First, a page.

Pune's five-star hotel is The Blue Diamond. It is like the city itself, neat and compact, filled with polite people. Like everything else in recent Pune, it was made famous by the Rajneesh people, who used to stay there. It is to the credit of the hotel that its reputation did not go down with its strange customers but was in fact enhanced.
Every city has at least one hotel which is typical of it. Delhi has Ashoka, which looks like one of New Delhi's massive secretariat buildings and is run like one. Government guests are normally put up it, as were Zubin Mehta's orchestra members, and who fled from it because of cockroaches, thus earning the Ashoka an instant international reputation.
The tow new Tajs, the Maurya, the other Delhi hotels, do not go with the city. But the Oberoi Maidens does, though the relationship is with an older, a more civilised Delhi.
The Oberoi Grand, of course, is very much Calcutta, as is The Great Eastern. They are as large as, old and as venerably grand as the city to which they belong. Sometimes it is difficult to distinguish whether The Great Eastern belongs to Calcutta or Calcutta belongs to Great Eastern.
In Ahmedabad, though a number of new hotels have come up, the main hotel is still Cama Hotel. The city's big industrial houses have their own guest houses and they compete very well with the hotels, both in living quarters and some of the best vegetarian food in the country.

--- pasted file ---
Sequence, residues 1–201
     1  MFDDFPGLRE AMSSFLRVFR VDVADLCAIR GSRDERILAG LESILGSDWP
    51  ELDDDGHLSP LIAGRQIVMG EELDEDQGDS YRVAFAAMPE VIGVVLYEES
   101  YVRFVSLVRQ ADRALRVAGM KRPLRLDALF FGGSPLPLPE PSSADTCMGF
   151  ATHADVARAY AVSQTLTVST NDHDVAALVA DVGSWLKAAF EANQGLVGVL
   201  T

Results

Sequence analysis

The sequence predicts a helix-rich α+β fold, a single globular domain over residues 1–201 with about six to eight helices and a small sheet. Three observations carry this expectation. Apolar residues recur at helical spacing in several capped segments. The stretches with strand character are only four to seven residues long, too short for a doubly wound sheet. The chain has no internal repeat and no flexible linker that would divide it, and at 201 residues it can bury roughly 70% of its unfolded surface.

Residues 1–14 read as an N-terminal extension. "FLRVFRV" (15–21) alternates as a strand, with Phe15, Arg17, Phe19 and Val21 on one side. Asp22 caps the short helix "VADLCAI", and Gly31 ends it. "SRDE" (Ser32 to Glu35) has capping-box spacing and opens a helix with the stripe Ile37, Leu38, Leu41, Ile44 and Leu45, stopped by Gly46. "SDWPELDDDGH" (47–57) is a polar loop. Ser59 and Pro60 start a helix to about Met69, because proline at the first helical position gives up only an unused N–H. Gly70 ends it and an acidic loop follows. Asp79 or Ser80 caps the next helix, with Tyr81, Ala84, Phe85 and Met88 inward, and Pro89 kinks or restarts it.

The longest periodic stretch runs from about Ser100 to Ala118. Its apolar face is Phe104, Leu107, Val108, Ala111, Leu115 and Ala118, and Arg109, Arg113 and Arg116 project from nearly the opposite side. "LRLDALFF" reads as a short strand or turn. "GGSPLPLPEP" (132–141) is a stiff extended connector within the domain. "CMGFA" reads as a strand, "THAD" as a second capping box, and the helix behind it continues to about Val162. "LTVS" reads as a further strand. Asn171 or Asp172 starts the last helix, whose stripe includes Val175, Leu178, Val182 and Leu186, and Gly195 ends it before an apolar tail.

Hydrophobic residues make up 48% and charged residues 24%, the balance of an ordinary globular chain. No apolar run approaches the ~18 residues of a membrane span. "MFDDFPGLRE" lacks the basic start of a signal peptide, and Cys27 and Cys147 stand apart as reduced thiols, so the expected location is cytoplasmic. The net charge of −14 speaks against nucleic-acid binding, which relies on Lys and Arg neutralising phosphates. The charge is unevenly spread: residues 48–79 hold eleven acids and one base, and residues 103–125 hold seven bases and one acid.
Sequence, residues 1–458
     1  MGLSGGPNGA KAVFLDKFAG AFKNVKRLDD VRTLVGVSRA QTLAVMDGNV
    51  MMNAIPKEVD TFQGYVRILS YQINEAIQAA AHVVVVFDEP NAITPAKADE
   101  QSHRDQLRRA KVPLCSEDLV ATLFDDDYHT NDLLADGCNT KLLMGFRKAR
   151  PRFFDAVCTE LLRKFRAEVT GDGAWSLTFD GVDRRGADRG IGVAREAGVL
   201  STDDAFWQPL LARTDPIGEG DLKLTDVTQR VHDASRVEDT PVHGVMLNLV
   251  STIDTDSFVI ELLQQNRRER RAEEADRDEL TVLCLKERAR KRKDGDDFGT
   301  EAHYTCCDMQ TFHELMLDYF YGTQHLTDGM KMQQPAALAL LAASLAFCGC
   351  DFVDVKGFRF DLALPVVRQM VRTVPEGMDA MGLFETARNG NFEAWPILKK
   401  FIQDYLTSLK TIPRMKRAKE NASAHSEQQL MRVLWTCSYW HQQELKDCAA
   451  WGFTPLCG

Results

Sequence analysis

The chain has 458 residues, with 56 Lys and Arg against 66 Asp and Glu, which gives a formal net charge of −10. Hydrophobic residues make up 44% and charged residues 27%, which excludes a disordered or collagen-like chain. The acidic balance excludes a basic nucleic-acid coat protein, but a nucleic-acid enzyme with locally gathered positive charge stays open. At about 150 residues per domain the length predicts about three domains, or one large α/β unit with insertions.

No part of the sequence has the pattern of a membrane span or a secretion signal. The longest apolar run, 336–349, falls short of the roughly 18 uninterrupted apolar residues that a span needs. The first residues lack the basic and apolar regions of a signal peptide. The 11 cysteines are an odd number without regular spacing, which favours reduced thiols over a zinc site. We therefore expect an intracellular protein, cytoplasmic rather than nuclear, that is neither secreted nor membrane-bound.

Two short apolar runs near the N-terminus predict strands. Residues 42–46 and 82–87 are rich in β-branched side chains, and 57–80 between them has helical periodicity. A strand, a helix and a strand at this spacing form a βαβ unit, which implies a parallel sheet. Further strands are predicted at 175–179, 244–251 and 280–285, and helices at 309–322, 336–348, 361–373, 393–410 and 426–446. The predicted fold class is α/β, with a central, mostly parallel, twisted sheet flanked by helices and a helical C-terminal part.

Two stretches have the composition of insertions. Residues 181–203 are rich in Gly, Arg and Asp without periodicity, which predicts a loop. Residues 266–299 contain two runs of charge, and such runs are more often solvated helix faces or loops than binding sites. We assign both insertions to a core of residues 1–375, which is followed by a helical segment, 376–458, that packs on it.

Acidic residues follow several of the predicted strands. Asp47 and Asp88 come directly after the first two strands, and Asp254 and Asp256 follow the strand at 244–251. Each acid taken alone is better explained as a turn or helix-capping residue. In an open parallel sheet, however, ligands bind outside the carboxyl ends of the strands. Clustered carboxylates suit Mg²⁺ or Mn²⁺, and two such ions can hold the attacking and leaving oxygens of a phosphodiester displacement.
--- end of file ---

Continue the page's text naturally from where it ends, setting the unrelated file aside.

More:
In Agra, I think, now that Laurie's is no more, the Clarke-Shiraz is the hotel. The Welcomgroup's Mughal is a lovely hotel, probably among the loveliest hotels in the world, providing more space (area) per guest than any other hotel in the country. But it is not Agra, more like a film set of what a hotel in Agra should be like. This may be because the first time I visited the hotel-it was also the last time - a film unit was shooting in it and it had hired the entire hotel.
Laurie's was typical cantonment Agra, a single-stroreyed structure, all white, with white collonades running along its entire length, a row of rooms behind them, mosquito nets on doors, bearers in turbans, an elderly Anglo-Indian lady as manger.
Unfortunately, it did not have a view of the Taj. Most of the other hotels do. I remember getting up at the Holiday Inn and finding the Taj framed in my window.
In Goa, it is not difficult to find the representative hotel. It is Mandovi, overlooking the river, in the town of Panaji and not somewhere out on the beaches, serving authentic Goan food.
Bombay's representative hotel has to be the Taj. If for no other reason, for the number of years it has been there (here).